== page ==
Narrowing the isolation and access to one tooth presents more of a challenge, but there are several products worth mentioning and mastering that can help. The majority of restorative dentistry involves cementation of an indirect restoration. One of the easiest methods to isolate teeth on either side of that soon-to-be cemented/bonded restoration is “plumber’s tape” or Teflon tape (Fig. 3). You can find it at the local hardware store. Although very delicate in nature, this material is easy to cut and apply to a dry tooth surface. It is especially helpful in those interproximal areas where bond or cement like to “hide” out. Teflon tape is extremely thin and also provides mesial or distal form for direct bonding or even veneer placement.
Greater Curve matrix bands from Greater Curve are another method to focalize an indirect restoration when cementing. Their enhanced curvature enables them to achieve a tight cervical fit, thus sealing off crevicular fluids. This is especially helpful when cementing an inlay or onlay. Care must be given to first try in the restoration with the band in place to make sure the restoration seats properly.
Using clear matrix bands is another trick designed to isolate direct restorations. Contour Strips from Ivoclar Vivadent create a framework for direct bonding because they can be trimmed and contoured, even stretched a bit or wrapped around the tooth, for a customized scaffold that can be tucked gently under the subgingival collar.
There are some great products on the market designed to manage sulcular fluids and irritated tissue. These products, when used properly, enable clinicians to be more confident in achieving fluid control, isolation and tissue management. ViscoStat Plus From Ultradent is a tried and true hemostatic agent containing 22% ferric chloride that stops bleeding in seconds. It does not interfere with bonding and easily washes away. It is a must for successful bonding and impression-taking. ViscoStat Clear, also from Ultradent, is a chemical mix of 25% aluminum chloride, with the main focus on easy removal and no remaining residue (Fig. 4).
Hemostasyl is another new entry for site-specific hemostatic areas from Kerr Corp. This viscous substance incorporates 15% aluminum chloride into a bright blue paste that once placed, does not slump (Fig. 5). It adheres well to tooth structure, soft tissue and matrix bands. That fact alone provides a great backdrop to combine a subgingival matrix band and this material to create an isolated working area-be it bonding, Class V restoration or cementation.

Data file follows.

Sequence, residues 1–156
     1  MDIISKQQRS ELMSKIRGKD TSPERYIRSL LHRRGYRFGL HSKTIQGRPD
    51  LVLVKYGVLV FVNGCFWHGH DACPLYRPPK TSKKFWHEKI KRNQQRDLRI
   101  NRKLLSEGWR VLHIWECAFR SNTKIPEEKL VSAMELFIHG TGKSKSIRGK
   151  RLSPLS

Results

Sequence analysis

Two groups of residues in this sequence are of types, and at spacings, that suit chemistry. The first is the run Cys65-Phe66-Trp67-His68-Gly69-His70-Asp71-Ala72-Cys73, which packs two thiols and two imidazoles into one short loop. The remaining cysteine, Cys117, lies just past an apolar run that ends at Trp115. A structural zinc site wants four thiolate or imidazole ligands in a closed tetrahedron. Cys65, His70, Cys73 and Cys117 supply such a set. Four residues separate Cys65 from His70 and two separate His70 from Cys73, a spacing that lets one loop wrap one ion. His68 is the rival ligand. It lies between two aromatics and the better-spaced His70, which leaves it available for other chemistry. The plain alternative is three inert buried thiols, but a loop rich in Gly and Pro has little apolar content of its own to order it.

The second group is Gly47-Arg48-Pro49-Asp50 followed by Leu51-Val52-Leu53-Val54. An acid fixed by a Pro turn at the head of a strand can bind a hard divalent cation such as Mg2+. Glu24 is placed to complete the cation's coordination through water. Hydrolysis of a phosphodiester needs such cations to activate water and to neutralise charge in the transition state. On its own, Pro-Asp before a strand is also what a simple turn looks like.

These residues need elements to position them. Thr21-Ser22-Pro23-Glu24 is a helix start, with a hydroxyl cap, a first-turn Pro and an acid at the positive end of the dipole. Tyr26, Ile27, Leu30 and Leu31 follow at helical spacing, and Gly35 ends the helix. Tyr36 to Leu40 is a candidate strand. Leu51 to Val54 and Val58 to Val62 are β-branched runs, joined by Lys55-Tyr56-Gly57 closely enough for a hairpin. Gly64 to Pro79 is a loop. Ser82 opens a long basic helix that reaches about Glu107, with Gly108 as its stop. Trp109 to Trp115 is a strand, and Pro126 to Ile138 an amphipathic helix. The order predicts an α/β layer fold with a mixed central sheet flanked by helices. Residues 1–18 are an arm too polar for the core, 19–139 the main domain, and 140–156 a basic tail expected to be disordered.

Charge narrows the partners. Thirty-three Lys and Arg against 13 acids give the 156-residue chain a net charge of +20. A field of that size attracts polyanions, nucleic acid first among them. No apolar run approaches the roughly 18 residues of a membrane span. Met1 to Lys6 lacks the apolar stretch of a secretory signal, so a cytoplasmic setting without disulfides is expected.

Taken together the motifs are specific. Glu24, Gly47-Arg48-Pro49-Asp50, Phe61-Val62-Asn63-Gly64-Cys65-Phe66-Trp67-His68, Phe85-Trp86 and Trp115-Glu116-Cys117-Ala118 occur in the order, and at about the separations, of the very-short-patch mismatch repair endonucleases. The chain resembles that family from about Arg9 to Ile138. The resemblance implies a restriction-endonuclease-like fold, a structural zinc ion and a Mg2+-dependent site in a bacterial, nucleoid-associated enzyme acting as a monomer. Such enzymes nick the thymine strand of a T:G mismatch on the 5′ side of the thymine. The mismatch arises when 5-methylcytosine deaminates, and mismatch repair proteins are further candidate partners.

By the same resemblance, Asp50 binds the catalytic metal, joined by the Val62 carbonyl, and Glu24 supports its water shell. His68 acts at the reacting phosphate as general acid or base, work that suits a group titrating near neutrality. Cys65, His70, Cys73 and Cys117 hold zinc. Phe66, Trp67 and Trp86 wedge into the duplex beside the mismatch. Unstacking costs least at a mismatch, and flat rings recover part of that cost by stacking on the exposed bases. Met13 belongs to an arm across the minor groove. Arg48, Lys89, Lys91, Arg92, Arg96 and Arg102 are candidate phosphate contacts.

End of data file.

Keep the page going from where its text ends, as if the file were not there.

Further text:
Achieving subgingival access has become easier. Traditionally, cord was gently placed in this area to create easier access but problems surfaced with tissue trauma, cord residue or heightened bleeding. To address this problem, DMG America developed the Zekrya Gingival Protector. This crescent-shaped tip attaches to a metal handle that is easy to position when it’s needed to finish a veneer margin or access a Class V caries.
Along that same thought process, KerrHawe introduced Cervical Matrices (Fig. 6). These thin, soft and clear contoured matrices allow direct placement of a restoration to the point of minimal finishing. They make that “ever so difficult” subgingival access easier and isolated.
The grand scheme of isolation
The Isolite Dryfield Illuminator from Isolite Systems was created to enable elevated access and visibility (Figs. 7 and 8). This product stands alone for uninterrupted retraction, constant illumination and steady moisture control. Every team member can benefit from this device by virtue of reduced humidity and efficient procedural flow.
It comes down to providing better dentistry
All of the above mentioned products or gadgets are great tools to add to your dental “game day” onslaught. The beauty of combining some of these products further enhances the isolation or access that can be achieved for improved bonding and better dentistry as a whole, leaving a smile on everyone’s face.
Lori Trost, DMD, maintains a private practice in Columbia, Ill. Her practice merges contemporary esthetic dentistry with a minimally invasive approach to patient care. She lectures nationally, works with a variety of dental manufacturers on product evaluation and new materials direction, and also has been published in a variety of dental journals. She can be reached at firstname.lastname@example.org.